Wall Street Pay Curbs Are Naive and Unnecessary

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Last week it was announced that the Federal Reserve would move forward on its plan to police and restrict pay among employees of large financial institutions. At first blush it's hard not to be just a little bit sympathetic toward these efforts.

Indeed, while the symbol that is Wall Street talks a good game about markets and capitalism, many firms were more than eager to take bailout money, not to mention willing to change their regulatory status to that of bank holding companies in order to access taxpayer subsidized cash during a time of need. All that, plus during the crisis period of a year ago, rather than ask for less help and less regulation from Washington, financial institutions lobbied for a suspension of mark-to-market accounting in concert with curbs on short selling. "Capitalistic" does not describe Wall Street.

Still, the suggested new rules on what the media term "banker pay" should not go through. They shouldn't because they won't work.

The Fed would like to create a compensation structure that aligns the interests of financial employees with the long-term health of the firms they work for. There's nothing wrong with that on its face, but as evidenced by the massive financial hits taken by the former employees of Lehman Brothers and Bear Stearns through their stockholdings in both firms, incentives were already aligned.

Some say Wall Street firms should return to the "partnership" structures of the past, but once again, Wall Street employees were and continue to be major partners when it comes to company success and failure. The large annual bonuses that offend so many were frequently equity based, so this notion of trader profligacy with the money of others never made a lot of sense.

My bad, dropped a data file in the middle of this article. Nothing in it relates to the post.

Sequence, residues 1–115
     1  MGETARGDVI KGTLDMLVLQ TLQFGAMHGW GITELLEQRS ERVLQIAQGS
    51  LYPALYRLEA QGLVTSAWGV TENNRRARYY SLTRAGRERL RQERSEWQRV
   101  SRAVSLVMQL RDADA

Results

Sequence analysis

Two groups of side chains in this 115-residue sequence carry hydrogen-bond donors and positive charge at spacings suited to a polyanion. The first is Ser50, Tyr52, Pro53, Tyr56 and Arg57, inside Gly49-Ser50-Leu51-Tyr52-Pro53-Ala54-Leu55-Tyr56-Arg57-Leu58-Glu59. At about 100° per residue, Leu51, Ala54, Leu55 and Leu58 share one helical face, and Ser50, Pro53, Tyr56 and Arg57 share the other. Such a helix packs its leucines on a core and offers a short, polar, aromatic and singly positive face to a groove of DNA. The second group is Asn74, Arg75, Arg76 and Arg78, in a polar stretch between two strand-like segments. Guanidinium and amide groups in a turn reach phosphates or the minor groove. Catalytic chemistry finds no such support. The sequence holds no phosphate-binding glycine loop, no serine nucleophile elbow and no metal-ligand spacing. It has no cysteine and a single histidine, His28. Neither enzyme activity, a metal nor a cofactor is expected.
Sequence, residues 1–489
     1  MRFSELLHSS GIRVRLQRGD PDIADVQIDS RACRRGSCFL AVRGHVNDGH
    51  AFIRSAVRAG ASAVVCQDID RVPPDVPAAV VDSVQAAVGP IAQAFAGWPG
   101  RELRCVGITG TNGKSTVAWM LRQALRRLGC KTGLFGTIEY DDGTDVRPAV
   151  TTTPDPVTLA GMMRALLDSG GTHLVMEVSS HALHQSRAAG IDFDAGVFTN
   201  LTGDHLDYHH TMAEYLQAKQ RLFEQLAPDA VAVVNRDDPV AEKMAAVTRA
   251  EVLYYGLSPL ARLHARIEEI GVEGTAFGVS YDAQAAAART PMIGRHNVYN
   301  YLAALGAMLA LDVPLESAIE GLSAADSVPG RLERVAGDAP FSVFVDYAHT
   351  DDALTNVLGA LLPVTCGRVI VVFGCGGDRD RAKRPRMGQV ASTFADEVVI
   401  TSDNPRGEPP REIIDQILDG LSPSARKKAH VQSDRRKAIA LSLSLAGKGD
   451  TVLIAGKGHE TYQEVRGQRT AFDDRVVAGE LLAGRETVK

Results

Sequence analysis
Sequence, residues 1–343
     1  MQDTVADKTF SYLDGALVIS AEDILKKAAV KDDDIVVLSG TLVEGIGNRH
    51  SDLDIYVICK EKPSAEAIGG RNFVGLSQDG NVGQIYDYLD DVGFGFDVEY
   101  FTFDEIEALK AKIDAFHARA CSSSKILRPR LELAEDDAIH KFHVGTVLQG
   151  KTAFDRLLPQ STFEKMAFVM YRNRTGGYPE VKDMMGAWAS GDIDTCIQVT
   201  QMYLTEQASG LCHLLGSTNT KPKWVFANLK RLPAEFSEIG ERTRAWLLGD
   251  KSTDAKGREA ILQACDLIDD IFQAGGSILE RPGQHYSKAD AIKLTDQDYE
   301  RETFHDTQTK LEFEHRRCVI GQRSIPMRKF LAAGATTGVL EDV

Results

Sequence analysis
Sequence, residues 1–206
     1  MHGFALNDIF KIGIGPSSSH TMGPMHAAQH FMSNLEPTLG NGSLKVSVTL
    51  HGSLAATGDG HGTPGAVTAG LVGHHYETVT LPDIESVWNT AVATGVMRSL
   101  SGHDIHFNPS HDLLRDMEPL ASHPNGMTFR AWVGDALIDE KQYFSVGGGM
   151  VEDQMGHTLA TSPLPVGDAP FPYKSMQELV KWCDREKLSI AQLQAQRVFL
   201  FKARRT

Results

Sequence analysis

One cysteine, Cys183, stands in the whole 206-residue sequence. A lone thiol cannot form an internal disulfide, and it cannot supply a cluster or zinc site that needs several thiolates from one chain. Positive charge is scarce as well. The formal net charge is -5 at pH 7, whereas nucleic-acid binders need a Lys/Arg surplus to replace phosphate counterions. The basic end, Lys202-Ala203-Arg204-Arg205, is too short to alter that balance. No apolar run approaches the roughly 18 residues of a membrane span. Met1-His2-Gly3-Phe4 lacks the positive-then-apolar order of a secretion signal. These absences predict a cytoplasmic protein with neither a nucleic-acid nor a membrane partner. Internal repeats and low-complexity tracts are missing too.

It also has to be remembered that the individuals who staff financial firms are its assets. Assuming the imposition of pay restrictions that outwardly have teeth, it's a certainty that the sharp minds who oversee compensation within financial firms will quickly figure out ways around any new rules. They will because absent an ability to pay market rates for talent, they'll soon prove irrelevant and probably not worth regulating.

Of course, if it turns out that the pay curbs prove insurmountable, market forces will once again work their magic in ways that regulators won't like. Just last week the Financial Times reported that thirty SocGen executives were leaving the French bank to start a new hedge fund with backing from a U.S.-based private equity firm. As the FT put it, "the bankers decided to leave amid growing pressure on French banks to cut executive bonuses."

Much the same will occur among U.S. financial firms. If the talent within feels it's not being properly rewarded amid new restrictions, there will be smaller firms deemed not important enough to merit substantial oversight eager to enhance their collection of quality financial minds. What the media and regulators term "systemic risk" will simply find a new, unregulated address.

And if the Fed's tentacles somehow reach to the smaller financial institutions and large hedge funds previously in operation without much oversight, the attempt to impose curbs on pay will still fail impressively. That is so because what we call finance is extremely fungible.